The improbable LAMBRETTA GP 250cc

(photo: Phil Aynsley)

After World War II, in the late 40s of the last century, two Italian industrialists, Ferdinando Innocenti and Enrico Piaggio had a similar vision regarding the need to create an individual and cheap means of transport that could serve the needs mobility that the economic reorganization imposed. The interpretations they made of the possible solution were quite similar and gave rise to two brands LAMBRETTA and VESPA that became a school and became universal. Both brands are known for this very reason, but it is curious that LAMBRETTA, trying to prepare for an eventual entry into other motorcycle segments, has produced a prototype destined for competition! Although MOTO GUZZI is synonymous with a 2-cylinder engine in V 4T transverse with overhead camshaft, the Mandello del Lario brand only introduced this concept in 1965!


(photo: Phil Aynsley)


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In fact, it was LAMBRETTA that, in 1951, presented this solution, at the time, innovative and even revolutionary, at the Milan Motor Show, at a time when Italian production was still far from the technical complexity of multi-cylinder engines! Giuseppe Salmaggi was hired as “project leader” and gave birth to this innovative bike. The 90 degree V-twin engine had the crankshaft mounted longitudinally, this arrangement placed the cylinders out, which facilitated cooling, a bore/stroke ratio of 54mm x 54mm resulted in a displacement of 247cc that delivered 29CV (21KW) at 9,000rpm and allowed a maximum speed of 170km/h. The whole project was full of ingenuity, the heads were produced in aluminum and had two valves controlled by triple springs, instead of the usual double ones, controlled by a camshaft that worked in ball bearings unlike the usual bushings, lubrication was by oil powered under pressure, the camshaft was driven by a shaft through bevel gears, the front part of the casing, in the form of a bullet, contained a magnetic flywheel, behind the engine, a gearbox with 5 ratios was mounted. It's a little strange that the final drive was in charge of a gimbal instead of a chain that would be lighter!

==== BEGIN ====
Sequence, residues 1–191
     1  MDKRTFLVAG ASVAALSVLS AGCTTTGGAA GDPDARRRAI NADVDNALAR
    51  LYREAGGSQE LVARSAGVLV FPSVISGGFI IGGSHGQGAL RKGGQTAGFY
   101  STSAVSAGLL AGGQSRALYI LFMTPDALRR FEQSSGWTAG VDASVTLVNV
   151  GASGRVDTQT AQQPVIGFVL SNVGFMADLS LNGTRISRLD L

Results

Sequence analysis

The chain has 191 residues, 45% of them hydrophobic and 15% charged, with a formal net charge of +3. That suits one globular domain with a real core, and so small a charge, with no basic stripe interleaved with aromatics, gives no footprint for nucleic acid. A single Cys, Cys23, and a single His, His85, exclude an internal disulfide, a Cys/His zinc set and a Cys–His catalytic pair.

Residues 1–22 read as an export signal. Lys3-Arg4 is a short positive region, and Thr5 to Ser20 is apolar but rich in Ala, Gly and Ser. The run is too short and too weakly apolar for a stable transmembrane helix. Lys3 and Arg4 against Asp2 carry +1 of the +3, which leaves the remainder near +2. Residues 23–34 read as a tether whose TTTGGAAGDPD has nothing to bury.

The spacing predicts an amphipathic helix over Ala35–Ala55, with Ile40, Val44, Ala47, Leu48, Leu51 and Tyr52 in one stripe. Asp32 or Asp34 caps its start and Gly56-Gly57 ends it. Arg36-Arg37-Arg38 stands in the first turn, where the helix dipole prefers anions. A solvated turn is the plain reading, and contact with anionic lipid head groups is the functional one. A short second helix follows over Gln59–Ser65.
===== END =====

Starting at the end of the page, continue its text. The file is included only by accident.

(photos: Phil Aynsley)

The complete bike was just as interesting as the engine. The chassis consisted of a large diameter tube (backbone) that curved backwards until it found steel plates where the engine was anchored. The front suspension was given a conventional telescopic fork, while the rear was configured as a torsion bar with adjustable friction dampers. The brakes were made of aluminum alloy hubs, the 21” wheels and PIRELLI tires completed the top cocktail. The bike was presented in Milan in a final version, this did not come as a surprise because it was known that, in the previous months, several test sessions had already been carried out at a local track. The bike was developed over the next two years and the final version evolved into a dual overhead camshaft distribution having abandoned the dry sump and an oil tank being located at the bottom of the engine, the original rear suspension was abandoned. and replaced by two hydraulic shock absorbers, a detail of great category for the time, double magnets were also explained. Unfortunately, this masterpiece by LAMBRETTA never returned the ingenuity and effort put into its construction and, in 1953, the project was abandoned, along the way, had been hired as test pilot Cirillo “Nello” Pagani, 125cc World Champion at the controls of a MONDIAL, and despite two unsuccessful participations in GP (France and Switzerland) with Romolo Ferri at the controls, the development did not follow the genius of the device. For history, the idea of ​​visionary architecture must subsist, which, to this day, is still a success at MOTO GUZZI!


(photo: Phil Aynsley)



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